I blame it on Crasdant. This talented group from Wales performed at a nearby theater and introduced me to traditional Welsh music. The defining moment for me was when Huw Williams, their guitar player, donned his clogs and wowed the audience with his Welsh step dancing. I was entranced. I put my name on the mailing list of the Welsh Harp and Heritage Society and some time later received a flier about Welsh Heritage Week. Among other things, it mentioned Welsh clog dance classes! Since it was being held within a 4-hour drive of my home, I determined to go. I filled out the application and signed up for every class they offered. As the time drew near though, doubts began to assail me. Though I am of Welsh heritage (my maiden name was Griffiths), I have never been to Wales and knew not a word of Welsh. Also, I would not know anybody there, and I would be there a whole week. There would be singing rehearsals every day for the traditional Welsh Hymn Sing service at the end of the week, and I don’t have a beautiful singing voice. I have never played a harp, my only transportable instrument is the recorder. Would that be okay for playing Welsh music? I don’t own any clogs, or a Welsh costume.
I sent a hurried e-mail to Beth Landmesser, the director of Welsh Heritage Week, and she sent an encouraging response which answered my questions and allayed my fears. I went to a local dance store and bought a pair of Irish Step Dance shoes, the nearest I could get in this country to dance clogs. I bought fabric and sewed a simple black skirt, packed a white blouse and some comfortable dance shoes, my recorder, my Bryn Terfel CD and Crasdant tape, and I was ready. (Since WHW was being held in Newport News, VA. which gets very hot and humid in the summer, I also packed lots of changes of clothing for after those vigorous dance classes, and an umbrella, for which I was very thankful).
When I arrived at Christopher Newport College, Beth Landmesser met me and showed me to the dorm, and gave me my name tag and the check-in instructions. I had time to unpack before the evening orientation meeting. I met Sally Bray from Denver, who would be sharing a bathroom with me. This was her second WHW. Gradually, the other attendees, seeing a first-timer, came up and introduced themselves to me. Their home states ranged from Florida to Vermont and from Delaware to Arizona and everywhere in between. The youngest attendee was 10 years old, and I think every other decade was represented up to perhaps the 80’s. They all had in common a love for Welsh culture and a great sense of humor. My concern about not knowing anybody vanished.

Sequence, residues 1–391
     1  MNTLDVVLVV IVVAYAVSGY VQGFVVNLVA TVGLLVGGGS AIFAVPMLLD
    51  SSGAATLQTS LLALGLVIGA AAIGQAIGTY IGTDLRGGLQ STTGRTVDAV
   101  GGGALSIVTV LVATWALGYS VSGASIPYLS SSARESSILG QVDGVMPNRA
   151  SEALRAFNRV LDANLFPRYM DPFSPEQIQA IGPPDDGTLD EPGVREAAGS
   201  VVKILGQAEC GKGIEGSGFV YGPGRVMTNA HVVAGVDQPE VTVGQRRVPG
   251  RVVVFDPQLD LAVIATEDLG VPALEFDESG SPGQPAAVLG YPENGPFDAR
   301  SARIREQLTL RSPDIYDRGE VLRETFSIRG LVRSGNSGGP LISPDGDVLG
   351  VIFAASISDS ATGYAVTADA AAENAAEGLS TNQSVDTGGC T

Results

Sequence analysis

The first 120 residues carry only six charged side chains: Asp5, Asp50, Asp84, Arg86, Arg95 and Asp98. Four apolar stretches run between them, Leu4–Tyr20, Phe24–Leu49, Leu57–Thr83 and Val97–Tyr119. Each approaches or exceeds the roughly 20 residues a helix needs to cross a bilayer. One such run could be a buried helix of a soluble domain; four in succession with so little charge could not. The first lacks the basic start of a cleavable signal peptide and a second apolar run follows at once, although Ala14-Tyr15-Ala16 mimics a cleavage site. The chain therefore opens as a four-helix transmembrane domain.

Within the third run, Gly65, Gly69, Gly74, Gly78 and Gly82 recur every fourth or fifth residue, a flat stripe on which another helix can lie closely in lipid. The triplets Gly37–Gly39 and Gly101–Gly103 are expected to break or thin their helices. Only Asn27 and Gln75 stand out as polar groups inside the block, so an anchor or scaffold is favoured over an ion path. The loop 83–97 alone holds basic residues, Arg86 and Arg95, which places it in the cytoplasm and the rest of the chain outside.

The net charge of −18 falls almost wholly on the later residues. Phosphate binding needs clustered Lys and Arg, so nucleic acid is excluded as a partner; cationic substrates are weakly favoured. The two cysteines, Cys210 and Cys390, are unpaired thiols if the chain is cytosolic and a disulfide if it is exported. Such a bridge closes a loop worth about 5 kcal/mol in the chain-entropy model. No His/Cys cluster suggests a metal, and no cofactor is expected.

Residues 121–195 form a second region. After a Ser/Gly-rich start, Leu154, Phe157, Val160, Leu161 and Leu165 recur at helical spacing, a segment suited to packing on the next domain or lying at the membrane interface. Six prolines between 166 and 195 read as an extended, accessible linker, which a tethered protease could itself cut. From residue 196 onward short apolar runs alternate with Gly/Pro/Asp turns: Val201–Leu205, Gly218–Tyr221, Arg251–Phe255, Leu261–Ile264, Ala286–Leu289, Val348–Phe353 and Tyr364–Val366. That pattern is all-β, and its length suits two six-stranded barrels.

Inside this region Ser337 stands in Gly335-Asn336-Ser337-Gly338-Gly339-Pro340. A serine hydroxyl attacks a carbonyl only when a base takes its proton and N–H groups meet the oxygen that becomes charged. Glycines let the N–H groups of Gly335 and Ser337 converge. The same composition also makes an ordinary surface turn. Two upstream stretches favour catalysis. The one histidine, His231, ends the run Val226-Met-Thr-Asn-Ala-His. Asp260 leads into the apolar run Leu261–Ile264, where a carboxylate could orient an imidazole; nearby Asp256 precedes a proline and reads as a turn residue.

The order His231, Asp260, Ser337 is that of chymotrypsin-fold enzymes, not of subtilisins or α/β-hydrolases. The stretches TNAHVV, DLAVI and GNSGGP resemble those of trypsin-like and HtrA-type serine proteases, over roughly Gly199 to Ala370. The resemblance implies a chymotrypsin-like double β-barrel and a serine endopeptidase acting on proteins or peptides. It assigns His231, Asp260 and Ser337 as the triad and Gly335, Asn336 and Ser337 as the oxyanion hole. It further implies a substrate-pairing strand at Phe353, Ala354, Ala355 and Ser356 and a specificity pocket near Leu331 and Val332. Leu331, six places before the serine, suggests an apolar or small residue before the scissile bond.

At the orientation meeting we picked up our booklets with the schedules for the week and a few pages of beginning lessons in the Welsh language. We learned about the Eisteddfod that would be held on Saturday night, and were encouraged to sign up for one or more of the various competitions that were being offered. We were told about the Noson Lawen talent night that would be held on Tuesday evening and again were encouraged to sign up.
We were introduced to our five wonderful instructors who had come from Wales to spend the week with us. John Albert Evans was in charge of the language and literature sessions, Lon Wright would be teaching the harp sessions, Jen Williams, an accomplished fiddler, was in charge of the instrumental music sessions, Dafydd Thomas would be teaching Welsh folk dances and clogging, and Gareth Hughes Jones was director of the choral singing for the Cymanfa Ganu to be held on Sunday, as well as a folk song class.
After the orientation meeting, song booklets were passed around and we had a lively session of folk singing (in Welsh, of course), led by John Albert. I soon discovered that every night after the last planned activity, there was an informal gathering in the dorm lounge where our instructors regaled us with jokes and funny stories. I believe that Lon, our gracious harp instructor, won the unofficial best joke of the week contest. I regret that I cannot relate it here.
I had arrived at WHW too late for dinner that first Sunday night, but I did not starve. Some of the more experienced attendees had brought snacks, and graciously shared them. Another offered her cell phone so I could phone home and let my family know of my safe arrival. I went to bed exhausted but too excited to sleep.
Breakfast was at 7:30 am, and I did not want to miss it. The staff at Christopher Newport fed us very well. And the conversation was always enjoyable no matter who I happened to sit beside. It was fun getting to know the other attendees, and mealtimes were great opportunities for this.
Language classes began each morning at 8:30 am and lasted till 11:10, with a brief coffee break in the middle. On Monday morning we were divided into groups according to our knowledge of Welsh. I was in the group for new beginners, which was taught by Gareth, with assistance from Jen. Having a native speaker for a language instructor is the best way to learn. Jen and Gareth were very patient with us. We were forever asking questions and getting them sidetracked. But we learned a lot more vocabulary that way!